How does redundancy work?
Redundancy occurs when an employer either decides they no longer need an employee’s job to be done by anyone, or the employer becomes insolvent or bankrupt, and terminates their employment. The job itself, not the employee, becomes redundant. You may find yourself in a position where you need to give redundancy notice when the business:
- introduces new technology (eg. the job can be done by a machine)
- slows down due to lower sales or production
- closes down
- relocates interstate or overseas
- restructures or reorganises because a merger or takeover happens.
Other Options Beside Redundancy
Before dismissing the employee, to avoid a successful claim for unfair dismissal, employers should consider whether it is reasonable in all the circumstances to re-deploy the employee in the organisation. This would extend to any businesses of “associated entities” of the employer, including “related bodies corporate” (as defined in the Corporation Act 2001).
Matters to consider would include the nature of any available position, the qualifications required to perform the job, the employee’s skills, qualifications and experience, the location of the job and the remuneration which it offered. You should notify the employee whether you have considered any re-deployment options.
We have a great article on 5 options you should consider before redundancies. Please take the time to have a read.
It is important as an employer you understand what your obligations are concerning making a position redundant and ensuring that it is a genuine redundancy and not an unfair dismissal or unlawful termination. As an employer, you also need to comply with any relevant award, enterprise agreement or registered agreement that is in play. We suggest heading over to our legal partners, Employment Innovations, to learn more.
Notice of termination and redundancy pay forms part of the National Employment Standards (NES). The NES apply to all employees covered by the national workplace relations system, regardless of any award, agreement or contract. The NES establishes the minimum entitlement to the termination or redundancy notice period, or payment in lieu of notice, that an employer must give an employee to end their employment. This applies to all employees (other than casuals), not just those covered by the national workplace relations system.
To help you determine how much redundancy payout your employee might be owed, please use the Fair Work Redundancy Calculator.
Notice of Termination.
An employer must provide an employee with a written notice letter of the day of termination when ending their employment.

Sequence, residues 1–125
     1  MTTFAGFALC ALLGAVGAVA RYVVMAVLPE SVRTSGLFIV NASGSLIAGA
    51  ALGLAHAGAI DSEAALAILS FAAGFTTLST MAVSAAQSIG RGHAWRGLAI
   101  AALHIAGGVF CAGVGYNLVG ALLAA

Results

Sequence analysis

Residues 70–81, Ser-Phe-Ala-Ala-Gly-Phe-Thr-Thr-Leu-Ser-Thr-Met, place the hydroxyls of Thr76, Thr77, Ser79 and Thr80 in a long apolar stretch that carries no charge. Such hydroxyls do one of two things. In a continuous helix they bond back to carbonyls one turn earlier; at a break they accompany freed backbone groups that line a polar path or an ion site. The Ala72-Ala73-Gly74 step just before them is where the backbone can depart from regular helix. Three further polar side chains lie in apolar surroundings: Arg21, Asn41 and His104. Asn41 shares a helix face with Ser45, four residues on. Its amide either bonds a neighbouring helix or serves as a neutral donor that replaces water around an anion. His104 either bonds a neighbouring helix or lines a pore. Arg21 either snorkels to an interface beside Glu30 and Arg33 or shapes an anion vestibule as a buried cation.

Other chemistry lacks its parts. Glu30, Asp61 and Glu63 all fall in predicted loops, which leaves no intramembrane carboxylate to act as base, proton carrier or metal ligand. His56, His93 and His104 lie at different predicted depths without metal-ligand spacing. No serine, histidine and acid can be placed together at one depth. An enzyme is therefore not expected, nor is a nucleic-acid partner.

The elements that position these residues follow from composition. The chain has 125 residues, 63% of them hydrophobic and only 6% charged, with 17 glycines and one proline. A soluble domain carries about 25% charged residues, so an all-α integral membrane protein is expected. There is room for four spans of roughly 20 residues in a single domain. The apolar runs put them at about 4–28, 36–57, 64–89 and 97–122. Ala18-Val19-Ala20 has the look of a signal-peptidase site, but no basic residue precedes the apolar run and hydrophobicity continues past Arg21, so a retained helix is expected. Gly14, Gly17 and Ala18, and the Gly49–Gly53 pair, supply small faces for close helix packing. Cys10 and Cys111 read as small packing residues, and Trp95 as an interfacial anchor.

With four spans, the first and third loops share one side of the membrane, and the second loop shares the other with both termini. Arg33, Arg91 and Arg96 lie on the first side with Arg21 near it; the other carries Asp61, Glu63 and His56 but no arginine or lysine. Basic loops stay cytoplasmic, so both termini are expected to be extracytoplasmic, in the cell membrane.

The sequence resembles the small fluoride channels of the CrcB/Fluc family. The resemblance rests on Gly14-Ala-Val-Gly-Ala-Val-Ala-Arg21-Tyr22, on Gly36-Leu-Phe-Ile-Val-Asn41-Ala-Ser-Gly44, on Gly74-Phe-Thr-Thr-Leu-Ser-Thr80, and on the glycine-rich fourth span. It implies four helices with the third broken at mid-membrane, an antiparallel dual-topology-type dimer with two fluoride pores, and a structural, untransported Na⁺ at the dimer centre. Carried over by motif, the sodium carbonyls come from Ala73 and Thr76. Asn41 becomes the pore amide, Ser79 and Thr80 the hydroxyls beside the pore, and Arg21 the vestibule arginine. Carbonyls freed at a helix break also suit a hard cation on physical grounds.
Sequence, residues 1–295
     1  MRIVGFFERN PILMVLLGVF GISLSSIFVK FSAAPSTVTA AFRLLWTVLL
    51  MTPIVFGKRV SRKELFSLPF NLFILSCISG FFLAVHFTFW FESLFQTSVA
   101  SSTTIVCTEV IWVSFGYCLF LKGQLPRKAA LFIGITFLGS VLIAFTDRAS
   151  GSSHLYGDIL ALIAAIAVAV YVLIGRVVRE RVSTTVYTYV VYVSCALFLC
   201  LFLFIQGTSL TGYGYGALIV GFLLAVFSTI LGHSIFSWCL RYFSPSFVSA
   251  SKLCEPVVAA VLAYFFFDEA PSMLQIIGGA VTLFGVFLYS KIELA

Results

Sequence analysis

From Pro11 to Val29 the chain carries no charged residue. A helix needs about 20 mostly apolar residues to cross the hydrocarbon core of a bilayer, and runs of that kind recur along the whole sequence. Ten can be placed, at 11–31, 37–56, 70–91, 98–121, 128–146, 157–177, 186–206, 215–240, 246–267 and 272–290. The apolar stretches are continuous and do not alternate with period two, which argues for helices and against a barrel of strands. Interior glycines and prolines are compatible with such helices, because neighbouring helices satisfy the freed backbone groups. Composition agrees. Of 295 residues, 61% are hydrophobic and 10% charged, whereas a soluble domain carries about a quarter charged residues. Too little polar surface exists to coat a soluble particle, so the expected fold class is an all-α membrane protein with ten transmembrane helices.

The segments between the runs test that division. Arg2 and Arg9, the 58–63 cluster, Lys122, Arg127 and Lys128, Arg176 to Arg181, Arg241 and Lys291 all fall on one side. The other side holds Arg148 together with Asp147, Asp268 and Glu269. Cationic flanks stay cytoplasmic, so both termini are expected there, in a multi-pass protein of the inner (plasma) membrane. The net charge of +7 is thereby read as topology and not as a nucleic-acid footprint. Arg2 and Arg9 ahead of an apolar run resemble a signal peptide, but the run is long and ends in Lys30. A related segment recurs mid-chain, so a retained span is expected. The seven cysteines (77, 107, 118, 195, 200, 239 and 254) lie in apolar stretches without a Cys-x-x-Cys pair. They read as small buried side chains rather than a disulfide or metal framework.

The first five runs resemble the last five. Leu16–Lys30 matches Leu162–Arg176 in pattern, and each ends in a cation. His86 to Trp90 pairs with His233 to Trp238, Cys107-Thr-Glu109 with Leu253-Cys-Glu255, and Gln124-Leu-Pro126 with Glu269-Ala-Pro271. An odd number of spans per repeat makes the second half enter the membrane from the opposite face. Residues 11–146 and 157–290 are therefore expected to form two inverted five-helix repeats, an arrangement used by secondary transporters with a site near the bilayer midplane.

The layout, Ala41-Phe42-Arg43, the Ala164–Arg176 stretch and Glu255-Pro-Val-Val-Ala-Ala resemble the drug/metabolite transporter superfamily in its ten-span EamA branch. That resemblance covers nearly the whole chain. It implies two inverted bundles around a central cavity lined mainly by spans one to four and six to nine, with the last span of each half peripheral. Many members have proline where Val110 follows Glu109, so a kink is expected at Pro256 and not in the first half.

An employer may give notice to the employee by either:
- delivering it personally
- leaving it at the employee’s last known address
- sending it by pre-paid post to the employee’s last known address.
- via a certified digital delivery system like Employment Hero
An employee may also need to give their employee notice of termination if their award of agreement specifies it.
Redundancies at Scale
If a business is considering redundancy of 15 or more staff, employers must give written notification to the Department of Human Services of the proposed dismissals. More information, and a redundancy notification template, can be found on the Department of Human Services website.
What amount of notice needs to given?
An employer must not terminate an employee unless they have either:
- given the minimum period of notice
- paid the employee instead of giving notice. This is paid at the employee’s full pay rate as if they had worked the minimum notice period.
Does redundancy pay apply to all employees?
Some employees don’t get redundancy pay when their job is made redundant.
The following employees don’t get redundancy pay:
- employees whose period of continuous service with the employer is less than 12 months
- employees employed for: – a stated period of time – an identified task or project – a particular season
- employees fire because of serious misconduct
- casual employees
- trainees engaged only for the length of the training agreement
- employees of a small business.
What is a small business?
A small business employer, for the purpose of determining pay, is an employer who employs fewer than 15 employees at the time when redundancy notice is given. To determine whether the employer has fewer than 15 employees, the following factors need to be considered:
- all employees employed by the employer at that time are to be counted
- a casual employee is not to be counted unless, at that time, they have been employed on a regular and systematic basis
- associated entities are taken to be one entity
- the employee being terminated and any other employees being terminated at that time are counted.
An award or agreement may have different redundancy provisions which could apply instead of those listed above. These provisions, such as industry-specific redundancy schemes, can override the listed exceptions. For example, the industry-specific redundancy scheme in the Building and Construction General On-site Award means that small business employers may need to provide redundancy payment.